Opinion | Trump to New York: Drop Dead –  -By Jennifer Senior The New York Times

By 

Opinion columnist

“So it’s essentially come to this: President Trump is treating each of our 50 states as individual contestants on “The Apprentice” — pitting them against one another for scarce resources, daring them to duke it out — rather than mobilizing a unified national response to a pandemic.

If that’s the case, this is the episode where New York loses. The coronavirus is whipping through the state, especially New York City, at a terrifying rate. We need personnel, ventilators and personal protective equipment, stat.

But Trump’s response has been the same as President Gerald Ford’s in 1975, when our city, faltering on the brink of insolvency, begged Washington for help and was brutally rebuffed, a moment forever enshrined in The Daily News’s headline “FORD TO CITY: DROP DEAD.””

Opinion | How the World’s Richest Country Ran Out of a 75-Cent Face Mask – By Farhad Manjoo – The New York Times

By 

Opinion Columnist


Credit…Jovelle Tamayo for The New York Times

“Why is the United States running out of face masks for medical workers? How does the world’s wealthiest country find itself in such a tragic and avoidable mess? And how long will it take to get enough protective gear, if that’s even possible now?

I’ve spent the last few days digging into these questions, because the shortages of protective gear, particularly face masks, has struck me as one of the more disturbing absurdities in America’s response to this pandemic.

Yes, it would have been nice to have had early, widespread testing for the coronavirus, the strategy South Korea used to contain its outbreak. It would be amazing if we can avoid running out of ventilators and hospital space, the catastrophe that has befallen parts of Italy. But neither matters much — in fact, no significant intervention is possible — if health care workers cannot even come into contact with coronavirus patients without getting sick themselves.

That’s where cheap, disposable face masks, eye protection, gloves and gowns come in. That we failed to procure enough safety gear for medical workers — not to mention for sick people and for the public, as some health experts might have recommended if masks were not in such low supply — seems astoundingly negligent.”

Trump Bets Business Will Answer Call to Fight Virus, but Strategy Bewilders Firms – The New York Times

“. . . .  There is plenty of volunteer cooperation, they say, and there is always the implicit threat of ordering mandatory measures if they do not. Mr. Trump, at the news briefing, suggested an ideological concern as well. “We’re a country not based on nationalizing our business,” he said.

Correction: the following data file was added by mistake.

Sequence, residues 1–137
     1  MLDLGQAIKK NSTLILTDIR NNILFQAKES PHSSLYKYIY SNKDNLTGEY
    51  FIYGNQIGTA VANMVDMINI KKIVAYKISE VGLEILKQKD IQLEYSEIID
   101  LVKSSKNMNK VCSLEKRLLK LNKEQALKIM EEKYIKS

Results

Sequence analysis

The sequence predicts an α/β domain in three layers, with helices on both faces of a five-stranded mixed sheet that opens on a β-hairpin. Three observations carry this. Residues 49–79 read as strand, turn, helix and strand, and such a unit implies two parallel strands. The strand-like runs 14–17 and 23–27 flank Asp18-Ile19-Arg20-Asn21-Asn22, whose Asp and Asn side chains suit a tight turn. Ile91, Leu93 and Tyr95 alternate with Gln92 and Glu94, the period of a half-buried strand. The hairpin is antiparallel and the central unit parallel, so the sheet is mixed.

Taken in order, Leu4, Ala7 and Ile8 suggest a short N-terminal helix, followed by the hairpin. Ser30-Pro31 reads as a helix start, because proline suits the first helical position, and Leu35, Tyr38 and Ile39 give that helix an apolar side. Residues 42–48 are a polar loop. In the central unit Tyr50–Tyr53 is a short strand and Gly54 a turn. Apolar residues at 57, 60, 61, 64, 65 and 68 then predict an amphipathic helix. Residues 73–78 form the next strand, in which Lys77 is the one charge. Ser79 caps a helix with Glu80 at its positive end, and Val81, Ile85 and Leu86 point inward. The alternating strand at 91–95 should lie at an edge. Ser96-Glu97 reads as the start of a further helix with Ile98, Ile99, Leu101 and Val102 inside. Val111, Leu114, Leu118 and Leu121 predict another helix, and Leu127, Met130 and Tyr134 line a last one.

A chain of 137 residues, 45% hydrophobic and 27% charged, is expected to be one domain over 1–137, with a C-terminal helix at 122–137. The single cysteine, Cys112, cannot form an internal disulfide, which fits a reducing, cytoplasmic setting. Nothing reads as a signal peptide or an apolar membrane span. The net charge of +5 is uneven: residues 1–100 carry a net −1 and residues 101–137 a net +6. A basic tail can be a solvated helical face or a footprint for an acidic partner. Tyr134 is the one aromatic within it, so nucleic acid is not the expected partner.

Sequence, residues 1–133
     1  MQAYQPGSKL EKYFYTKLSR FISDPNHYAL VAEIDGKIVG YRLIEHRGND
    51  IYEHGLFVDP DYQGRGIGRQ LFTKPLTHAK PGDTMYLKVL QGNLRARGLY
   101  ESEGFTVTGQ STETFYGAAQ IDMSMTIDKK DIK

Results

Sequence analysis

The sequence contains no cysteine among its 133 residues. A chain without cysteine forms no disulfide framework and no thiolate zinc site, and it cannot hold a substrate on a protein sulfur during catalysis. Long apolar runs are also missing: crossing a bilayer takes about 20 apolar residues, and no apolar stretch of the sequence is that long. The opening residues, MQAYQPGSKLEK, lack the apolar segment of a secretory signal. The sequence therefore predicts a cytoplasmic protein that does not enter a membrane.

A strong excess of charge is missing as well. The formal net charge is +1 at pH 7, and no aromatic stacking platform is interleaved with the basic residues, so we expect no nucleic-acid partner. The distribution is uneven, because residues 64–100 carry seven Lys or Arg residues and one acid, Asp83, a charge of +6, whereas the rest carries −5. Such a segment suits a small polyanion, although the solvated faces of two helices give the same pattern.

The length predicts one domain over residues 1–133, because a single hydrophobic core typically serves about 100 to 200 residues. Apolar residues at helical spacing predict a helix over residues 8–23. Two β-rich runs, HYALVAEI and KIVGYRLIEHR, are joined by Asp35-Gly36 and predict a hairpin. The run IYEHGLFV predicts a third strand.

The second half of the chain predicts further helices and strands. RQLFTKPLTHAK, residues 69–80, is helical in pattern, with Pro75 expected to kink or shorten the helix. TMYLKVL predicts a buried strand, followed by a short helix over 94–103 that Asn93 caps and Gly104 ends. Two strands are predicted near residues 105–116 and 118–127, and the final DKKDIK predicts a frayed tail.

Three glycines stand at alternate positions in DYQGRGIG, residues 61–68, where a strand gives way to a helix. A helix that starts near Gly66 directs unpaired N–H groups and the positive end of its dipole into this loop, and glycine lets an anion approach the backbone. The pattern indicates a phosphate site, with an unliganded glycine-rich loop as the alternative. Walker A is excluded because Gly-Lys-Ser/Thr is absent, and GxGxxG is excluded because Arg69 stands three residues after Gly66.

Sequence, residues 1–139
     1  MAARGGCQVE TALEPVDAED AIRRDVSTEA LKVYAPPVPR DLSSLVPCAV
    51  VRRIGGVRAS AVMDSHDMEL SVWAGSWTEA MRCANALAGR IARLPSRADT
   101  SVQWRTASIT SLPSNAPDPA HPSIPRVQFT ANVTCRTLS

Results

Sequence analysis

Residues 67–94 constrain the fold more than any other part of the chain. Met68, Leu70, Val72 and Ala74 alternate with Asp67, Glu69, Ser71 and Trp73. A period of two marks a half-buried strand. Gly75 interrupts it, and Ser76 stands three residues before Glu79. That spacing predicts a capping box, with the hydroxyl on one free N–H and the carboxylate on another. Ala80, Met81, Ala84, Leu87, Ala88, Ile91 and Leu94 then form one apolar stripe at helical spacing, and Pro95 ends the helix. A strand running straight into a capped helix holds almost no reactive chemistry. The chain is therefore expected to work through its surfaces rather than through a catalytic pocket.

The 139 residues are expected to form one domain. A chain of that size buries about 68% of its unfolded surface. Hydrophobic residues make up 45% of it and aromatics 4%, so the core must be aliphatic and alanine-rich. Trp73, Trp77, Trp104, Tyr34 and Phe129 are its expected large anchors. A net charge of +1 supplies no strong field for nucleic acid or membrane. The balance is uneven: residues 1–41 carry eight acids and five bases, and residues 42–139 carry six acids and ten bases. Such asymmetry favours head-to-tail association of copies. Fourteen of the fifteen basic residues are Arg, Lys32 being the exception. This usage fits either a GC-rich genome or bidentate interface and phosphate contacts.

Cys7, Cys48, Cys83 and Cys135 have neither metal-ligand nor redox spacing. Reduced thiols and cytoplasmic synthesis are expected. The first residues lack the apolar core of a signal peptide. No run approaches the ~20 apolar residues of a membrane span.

At the briefing, Mr. Navarro said, “We’re getting what we need without putting the heavy hand of government down.”

In an interview, Mr. Navarro said the administration would not hesitate to use its powers in certain situations. For example, he said, some brokers had been hoarding supplies of masks in warehouses and trying to sell them at exorbitant prices.

“That’s a Defense Production Act action waiting to happen,” he said. “If anybody thinks they’re going to sit on urgently needed supplies and profiteer from this crisis, they’re going to answer to the full force of the Trump administration.”

The U.S. Chamber of Commerce and the heads of major corporations have lobbied the administration against using the act. They say the move could prove counterproductive, imposing red tape on companies precisely when they need flexibility to deal with closed borders and shuttered factories.

Mr. Trump and the director of his national economic council, Larry Kudlow, as well as Mr. Kushner, were persuaded by those arguments, administration officials said.”

Opinion | Fourteen Days. That’s the Most Time We Have to Defeat Coronavirus. – By Ezekiel J. Emanuel – The New York Times

By 

Dr. Emanuel is vice provost of global initiatives at the University of Pennsylvania.

Credit…Carlo Allegri/Reuters

“America is losing the war against Covid-19, but we can win it with decisive and extraordinary actions now.

Health experts have not been overreacting. Models from Imperial College London and others suggest that up to 2.2 million Americans could die within a year without sufficient efforts to “flatten the curve.”

At the same time, it is right to worry about how Covid-19 will wreck the economy. Projections already suggest that the American economy could contract by more than 15 percent in the second quarter and that the unemployment rate could surpass 20 percent.

But the economy cannot be fixed without solving the pandemic. Only after the virus is contained can we reopen restaurants, bars, gyms and stores; allow people to travel, attend conferences and visit museums; and persuade them to buy cars and houses.”

The lack of masks, gowns and ventilators endangers both patients and health care workers, and stymies the nation’s ability to respond to the crisis.

We need a national manufacturing director to assess and allocate national supplies and ramp up production and distribution of what is needed. After ordering all hospitals to conduct an inventory of their needs, the director could prioritize the shipment of supplies to the ones that need them most.”

How an Upscale Connecticut Party Became a Coronavirus ‘Super Spreader’ – The New York Times

“About 50 guests gathered on March 5 at a home in the stately suburb of Westport, Conn., to toast the hostess on her 40th birthday and greet old friends, including one visiting from South Africa. They shared reminiscences, a lavish buffet and, unknown to anyone, the coronavirus.

Then they scattered.

The Westport soirée — Party Zero in southwestern Connecticut and beyond — is a story of how, in the Gilded Age of money, social connectedness and air travel, a pandemic has spread at lightning speed. The partygoers — more than half of whom are now infected — left that evening for Johannesburg, New York City and other parts of Connecticut and the United States, all seeding infections on the way.

Westport, a town of 28,000 on the Long Island Sound, did not have a single known case of the coronavirus on the day of the party. It had 85 on Monday, up more than 40-fold in 11 days.”